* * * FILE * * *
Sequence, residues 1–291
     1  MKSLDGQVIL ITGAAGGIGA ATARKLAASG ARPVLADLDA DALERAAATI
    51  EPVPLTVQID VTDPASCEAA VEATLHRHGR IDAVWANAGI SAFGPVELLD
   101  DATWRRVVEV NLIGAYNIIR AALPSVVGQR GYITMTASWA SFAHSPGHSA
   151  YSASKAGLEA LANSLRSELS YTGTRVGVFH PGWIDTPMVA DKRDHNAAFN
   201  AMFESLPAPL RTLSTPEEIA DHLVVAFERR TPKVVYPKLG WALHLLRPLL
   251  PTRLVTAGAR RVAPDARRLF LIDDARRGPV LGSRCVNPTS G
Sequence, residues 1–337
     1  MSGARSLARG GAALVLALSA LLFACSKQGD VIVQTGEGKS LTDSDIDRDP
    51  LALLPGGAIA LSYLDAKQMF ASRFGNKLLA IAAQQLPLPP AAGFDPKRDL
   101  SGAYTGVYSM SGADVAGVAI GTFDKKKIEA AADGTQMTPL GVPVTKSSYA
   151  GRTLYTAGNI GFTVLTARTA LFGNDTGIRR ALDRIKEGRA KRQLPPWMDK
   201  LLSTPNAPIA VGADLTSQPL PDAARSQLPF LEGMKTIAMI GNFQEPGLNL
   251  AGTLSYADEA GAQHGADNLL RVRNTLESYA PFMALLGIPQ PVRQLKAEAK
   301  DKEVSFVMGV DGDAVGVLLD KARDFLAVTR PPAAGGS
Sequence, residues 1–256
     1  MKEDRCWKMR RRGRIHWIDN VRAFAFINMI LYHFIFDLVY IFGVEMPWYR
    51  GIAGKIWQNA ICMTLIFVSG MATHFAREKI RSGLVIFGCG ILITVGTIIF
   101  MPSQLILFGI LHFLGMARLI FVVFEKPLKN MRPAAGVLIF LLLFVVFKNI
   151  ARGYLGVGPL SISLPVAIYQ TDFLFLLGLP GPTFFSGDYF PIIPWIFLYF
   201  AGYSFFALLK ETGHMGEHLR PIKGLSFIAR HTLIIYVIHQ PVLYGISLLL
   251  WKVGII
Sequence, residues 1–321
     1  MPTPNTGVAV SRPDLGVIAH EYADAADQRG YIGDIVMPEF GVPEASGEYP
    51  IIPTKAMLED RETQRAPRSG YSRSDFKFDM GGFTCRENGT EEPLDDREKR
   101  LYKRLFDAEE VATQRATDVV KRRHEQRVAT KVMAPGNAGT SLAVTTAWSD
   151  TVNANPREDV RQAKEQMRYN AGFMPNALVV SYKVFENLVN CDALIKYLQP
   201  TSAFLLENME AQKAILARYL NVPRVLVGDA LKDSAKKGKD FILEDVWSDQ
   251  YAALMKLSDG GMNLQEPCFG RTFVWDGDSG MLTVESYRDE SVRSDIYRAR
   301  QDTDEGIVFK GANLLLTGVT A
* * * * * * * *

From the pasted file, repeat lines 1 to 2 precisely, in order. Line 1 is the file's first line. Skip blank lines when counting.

Sequence, residues 1–291
     1  MKSLDGQVIL ITGAAGGIGA ATARKLAASG ARPVLADLDA DALERAAATI